A bonus question would be, if so, why? Is it because it decomposes and hence the expiry date is calculated out?

  • $\begingroup$ Whether manufacturers put one on is a separate question to whether all chemicals will decay in some way when stored. Some will expire quickly, others slowly and other not at all. And some will last indefinitely if stored appropriately but only for a short time if not. There is no general answer. $\endgroup$ – matt_black Jul 8 '18 at 21:38

They do indeed. It could be for different reasons:

  • A chemical might undergo chemical changes due to different storage conditions: it could react with other chemicals present in the air or in the environment. This could change its nature (reaction to create other compounds), properties and/or purity.
  • A chemical might undergo physical changes as well: the temperature and pressure vary, as well as other conditions like humidity, light, electromagnetic fields. This could change it as stated above.
  • Certain chemicals are simply unstable and decay or degradate over time to something else, without the need of externals input / changes. This could affect the chemical as stated above.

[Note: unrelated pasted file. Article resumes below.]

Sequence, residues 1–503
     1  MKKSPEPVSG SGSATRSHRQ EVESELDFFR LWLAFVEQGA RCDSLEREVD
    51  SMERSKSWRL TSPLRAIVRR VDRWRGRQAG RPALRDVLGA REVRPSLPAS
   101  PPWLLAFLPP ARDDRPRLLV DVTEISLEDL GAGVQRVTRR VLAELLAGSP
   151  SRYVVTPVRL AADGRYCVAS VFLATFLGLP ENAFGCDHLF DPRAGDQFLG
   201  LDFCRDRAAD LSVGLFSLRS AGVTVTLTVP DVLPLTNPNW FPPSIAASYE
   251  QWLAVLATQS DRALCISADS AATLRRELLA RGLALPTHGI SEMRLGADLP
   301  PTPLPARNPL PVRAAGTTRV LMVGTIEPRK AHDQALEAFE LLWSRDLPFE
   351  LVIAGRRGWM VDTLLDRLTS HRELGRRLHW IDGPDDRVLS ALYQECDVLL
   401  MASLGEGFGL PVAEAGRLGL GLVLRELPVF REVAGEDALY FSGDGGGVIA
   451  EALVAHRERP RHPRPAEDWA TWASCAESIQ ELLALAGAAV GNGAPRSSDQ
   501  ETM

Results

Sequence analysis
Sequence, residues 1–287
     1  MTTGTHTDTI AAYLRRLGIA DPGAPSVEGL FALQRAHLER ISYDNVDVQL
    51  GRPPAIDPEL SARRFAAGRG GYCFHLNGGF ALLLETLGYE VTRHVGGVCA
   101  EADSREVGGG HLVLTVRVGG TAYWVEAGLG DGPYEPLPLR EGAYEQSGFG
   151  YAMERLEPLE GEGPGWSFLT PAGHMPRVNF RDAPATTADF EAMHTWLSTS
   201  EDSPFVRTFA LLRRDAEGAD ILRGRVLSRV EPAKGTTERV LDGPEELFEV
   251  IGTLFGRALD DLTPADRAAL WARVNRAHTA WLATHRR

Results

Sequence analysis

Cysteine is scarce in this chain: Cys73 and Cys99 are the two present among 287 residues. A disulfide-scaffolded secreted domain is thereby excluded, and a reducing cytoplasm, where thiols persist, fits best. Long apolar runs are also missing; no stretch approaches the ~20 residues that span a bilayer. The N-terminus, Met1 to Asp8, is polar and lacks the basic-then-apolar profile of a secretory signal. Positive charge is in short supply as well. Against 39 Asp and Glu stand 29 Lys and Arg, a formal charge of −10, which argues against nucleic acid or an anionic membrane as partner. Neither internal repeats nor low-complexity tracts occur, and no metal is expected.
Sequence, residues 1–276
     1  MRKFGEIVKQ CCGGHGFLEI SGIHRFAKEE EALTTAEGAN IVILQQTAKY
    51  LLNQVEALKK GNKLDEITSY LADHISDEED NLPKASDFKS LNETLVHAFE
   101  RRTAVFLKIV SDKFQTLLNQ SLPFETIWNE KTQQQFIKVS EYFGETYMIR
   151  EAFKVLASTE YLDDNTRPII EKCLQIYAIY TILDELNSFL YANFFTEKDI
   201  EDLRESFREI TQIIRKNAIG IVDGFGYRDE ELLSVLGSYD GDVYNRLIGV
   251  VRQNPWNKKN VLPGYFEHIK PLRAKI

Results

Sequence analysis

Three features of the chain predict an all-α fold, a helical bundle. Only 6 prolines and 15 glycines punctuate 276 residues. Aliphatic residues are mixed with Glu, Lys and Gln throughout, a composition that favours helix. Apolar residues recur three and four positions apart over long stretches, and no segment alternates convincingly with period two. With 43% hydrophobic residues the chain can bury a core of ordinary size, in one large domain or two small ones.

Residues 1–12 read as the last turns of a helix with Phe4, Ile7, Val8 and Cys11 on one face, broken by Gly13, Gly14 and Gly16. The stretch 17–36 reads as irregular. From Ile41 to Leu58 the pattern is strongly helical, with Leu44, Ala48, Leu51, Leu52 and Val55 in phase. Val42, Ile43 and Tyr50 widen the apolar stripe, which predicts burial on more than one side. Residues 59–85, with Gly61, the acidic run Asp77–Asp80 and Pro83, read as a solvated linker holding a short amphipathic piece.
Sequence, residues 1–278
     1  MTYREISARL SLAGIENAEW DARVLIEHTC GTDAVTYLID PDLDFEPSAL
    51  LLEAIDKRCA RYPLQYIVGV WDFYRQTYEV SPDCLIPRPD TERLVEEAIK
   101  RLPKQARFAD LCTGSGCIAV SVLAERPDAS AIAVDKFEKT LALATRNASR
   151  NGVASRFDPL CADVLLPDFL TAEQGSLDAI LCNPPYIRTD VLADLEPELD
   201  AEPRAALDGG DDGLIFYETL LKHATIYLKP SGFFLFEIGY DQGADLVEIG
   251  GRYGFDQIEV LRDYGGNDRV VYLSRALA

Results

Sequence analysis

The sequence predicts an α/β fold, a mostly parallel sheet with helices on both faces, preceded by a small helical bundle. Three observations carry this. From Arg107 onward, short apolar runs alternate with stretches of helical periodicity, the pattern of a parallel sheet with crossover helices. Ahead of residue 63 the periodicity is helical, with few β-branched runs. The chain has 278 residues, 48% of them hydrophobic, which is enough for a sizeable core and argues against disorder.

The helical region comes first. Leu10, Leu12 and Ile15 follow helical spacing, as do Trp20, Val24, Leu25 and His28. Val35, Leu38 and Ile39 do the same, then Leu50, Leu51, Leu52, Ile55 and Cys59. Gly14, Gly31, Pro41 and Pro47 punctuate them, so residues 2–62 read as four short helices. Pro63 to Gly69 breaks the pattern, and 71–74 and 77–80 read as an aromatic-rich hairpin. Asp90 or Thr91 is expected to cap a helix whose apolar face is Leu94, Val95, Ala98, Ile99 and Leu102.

• Certain chemical suffers transpiration losses.
  • Human factors, like contaminations, spillings, loose caps, etc.

However, it might be noticed that these reasons could be divided to produce two different dates: shelf life vs expiration date.

  • 1
    $\begingroup$ And even if chemicals don't have an expiry date the manufacturer still prints one on the box. That's because the date serves as the batch number. $\endgroup$ – Abel Friedman Nov 27 '14 at 0:41
  • $\begingroup$ @AbelFriedman so the expiry date its more for stock taking than anything else? $\endgroup$ – Nick Nov 27 '14 at 0:48
  • $\begingroup$ Not really, it depends on the nature of the chemical. $\endgroup$ – entropid Nov 27 '14 at 0:51
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    $\begingroup$ Even alcohol has expiry data... Anyway, it is a bad practice to keep old chemicals around ad infinitum. I happened to work in a lab with plenty of ancient chemicals around. Even with the stable one after a while the labels peels off, the lid get stuck, etc.. $\endgroup$ – Greg Nov 27 '14 at 1:13
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    $\begingroup$ I found an old bottle of magnesium chloride in one of the places I worked. The problem was that it had absorbed so much water from the air, it was all in solution when I found it. $\endgroup$ – LDC3 Nov 27 '14 at 1:32

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